I remember Doug Medin from the year I was at Illinois and I recall a colloquium talk Frank Keil gave at Michigan State that intrigued me because he echoed ideas from Kant about the synthetic à priori, but I didn’t get a chance to ask him more about it.
As far as Fodor’s line goes, I’m generally sympathetic to faculty psychology, if only because it comports with the ways mathematicians and programmers analyze and synthesize functions and structures, but I find the faculties required to enable intelligence and inquiry interact with each other and mutually recur far too intricately to deserve the name modules in the strictest technical sense.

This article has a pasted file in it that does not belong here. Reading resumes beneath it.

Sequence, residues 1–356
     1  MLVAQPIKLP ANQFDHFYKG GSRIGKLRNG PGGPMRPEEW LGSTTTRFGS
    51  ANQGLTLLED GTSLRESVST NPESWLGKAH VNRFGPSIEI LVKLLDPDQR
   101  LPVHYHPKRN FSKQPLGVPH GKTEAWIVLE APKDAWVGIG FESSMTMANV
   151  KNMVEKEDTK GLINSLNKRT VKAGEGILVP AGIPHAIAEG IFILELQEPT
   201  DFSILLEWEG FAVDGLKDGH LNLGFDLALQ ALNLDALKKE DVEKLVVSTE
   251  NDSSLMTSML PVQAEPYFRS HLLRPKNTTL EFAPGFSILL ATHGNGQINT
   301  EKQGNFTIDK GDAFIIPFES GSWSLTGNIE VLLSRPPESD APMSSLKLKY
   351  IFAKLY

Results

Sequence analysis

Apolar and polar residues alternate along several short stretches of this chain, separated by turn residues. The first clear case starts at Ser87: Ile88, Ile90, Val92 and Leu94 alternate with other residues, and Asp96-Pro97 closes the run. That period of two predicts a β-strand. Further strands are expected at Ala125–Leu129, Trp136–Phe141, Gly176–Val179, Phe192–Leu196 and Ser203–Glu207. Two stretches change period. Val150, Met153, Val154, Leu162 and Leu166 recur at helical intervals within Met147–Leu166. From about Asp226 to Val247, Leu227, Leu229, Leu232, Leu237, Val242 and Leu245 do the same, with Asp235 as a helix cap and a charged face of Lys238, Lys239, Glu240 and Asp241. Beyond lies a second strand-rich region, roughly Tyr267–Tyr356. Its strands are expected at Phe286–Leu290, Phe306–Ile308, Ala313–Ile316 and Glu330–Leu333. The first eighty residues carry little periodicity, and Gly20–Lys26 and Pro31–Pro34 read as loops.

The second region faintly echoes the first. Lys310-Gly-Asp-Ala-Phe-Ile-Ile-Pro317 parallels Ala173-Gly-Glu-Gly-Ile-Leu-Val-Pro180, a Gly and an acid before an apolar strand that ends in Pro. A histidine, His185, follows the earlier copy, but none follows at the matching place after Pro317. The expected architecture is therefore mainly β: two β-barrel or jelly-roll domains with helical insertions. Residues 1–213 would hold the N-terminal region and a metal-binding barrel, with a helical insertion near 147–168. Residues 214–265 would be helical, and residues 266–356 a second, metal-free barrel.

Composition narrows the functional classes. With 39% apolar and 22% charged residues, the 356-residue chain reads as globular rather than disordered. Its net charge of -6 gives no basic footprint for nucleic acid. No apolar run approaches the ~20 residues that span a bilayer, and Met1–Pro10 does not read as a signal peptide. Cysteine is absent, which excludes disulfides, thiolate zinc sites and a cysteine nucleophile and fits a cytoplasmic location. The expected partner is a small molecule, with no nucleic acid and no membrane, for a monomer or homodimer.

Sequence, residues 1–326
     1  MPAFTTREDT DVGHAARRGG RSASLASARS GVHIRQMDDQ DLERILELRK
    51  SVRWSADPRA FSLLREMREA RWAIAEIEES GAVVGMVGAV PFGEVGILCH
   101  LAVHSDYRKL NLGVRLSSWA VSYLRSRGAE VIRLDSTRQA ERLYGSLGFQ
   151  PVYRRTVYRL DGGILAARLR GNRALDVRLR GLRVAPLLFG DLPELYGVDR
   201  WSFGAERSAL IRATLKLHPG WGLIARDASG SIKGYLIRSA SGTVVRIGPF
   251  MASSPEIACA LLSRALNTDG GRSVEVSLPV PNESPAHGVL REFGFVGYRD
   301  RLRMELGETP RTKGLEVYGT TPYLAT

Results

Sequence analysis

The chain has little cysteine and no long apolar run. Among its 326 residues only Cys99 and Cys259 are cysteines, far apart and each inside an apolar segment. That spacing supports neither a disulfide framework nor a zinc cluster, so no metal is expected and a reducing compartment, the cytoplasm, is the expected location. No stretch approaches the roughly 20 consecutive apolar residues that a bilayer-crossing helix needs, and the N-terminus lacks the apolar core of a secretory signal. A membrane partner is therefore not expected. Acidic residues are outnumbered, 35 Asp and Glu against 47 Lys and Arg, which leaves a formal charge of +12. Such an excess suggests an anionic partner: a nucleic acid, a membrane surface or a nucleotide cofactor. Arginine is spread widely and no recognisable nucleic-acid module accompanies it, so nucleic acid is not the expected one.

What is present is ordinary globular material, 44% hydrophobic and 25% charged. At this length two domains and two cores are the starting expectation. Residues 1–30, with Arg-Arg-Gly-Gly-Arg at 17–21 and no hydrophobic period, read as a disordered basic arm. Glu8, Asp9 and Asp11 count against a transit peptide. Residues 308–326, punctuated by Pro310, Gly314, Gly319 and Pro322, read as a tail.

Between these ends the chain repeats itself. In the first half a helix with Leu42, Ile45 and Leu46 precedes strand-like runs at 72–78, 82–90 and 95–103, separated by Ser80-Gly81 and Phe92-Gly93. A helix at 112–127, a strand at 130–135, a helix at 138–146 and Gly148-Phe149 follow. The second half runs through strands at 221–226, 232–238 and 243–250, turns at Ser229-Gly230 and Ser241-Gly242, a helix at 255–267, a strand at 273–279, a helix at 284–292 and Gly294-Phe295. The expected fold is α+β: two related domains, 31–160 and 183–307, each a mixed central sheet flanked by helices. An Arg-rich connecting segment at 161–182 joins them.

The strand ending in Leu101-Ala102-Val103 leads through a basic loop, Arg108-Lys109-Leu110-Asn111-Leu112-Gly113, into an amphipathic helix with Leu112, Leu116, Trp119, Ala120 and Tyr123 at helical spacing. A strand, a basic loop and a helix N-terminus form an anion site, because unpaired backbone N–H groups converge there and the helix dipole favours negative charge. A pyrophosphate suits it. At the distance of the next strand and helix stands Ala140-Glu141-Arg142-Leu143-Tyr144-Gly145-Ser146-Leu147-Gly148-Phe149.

Still, if all we’re talking about is a native knack or a natural instinct for latching onto subsumptions wherever they may occur then I could go along with that for the sake of further argument.
I agree with previous comments that “subsumption” suffers from a surfeit of senses but here’s a couple of places where I found it natural to use “subsumes” or one of its synonyms, once in a logical sense and once in a grammatical sense.
There are reasons coming out of Peirce’s logic and also category theory for this usage but I’ll have to save that for another time.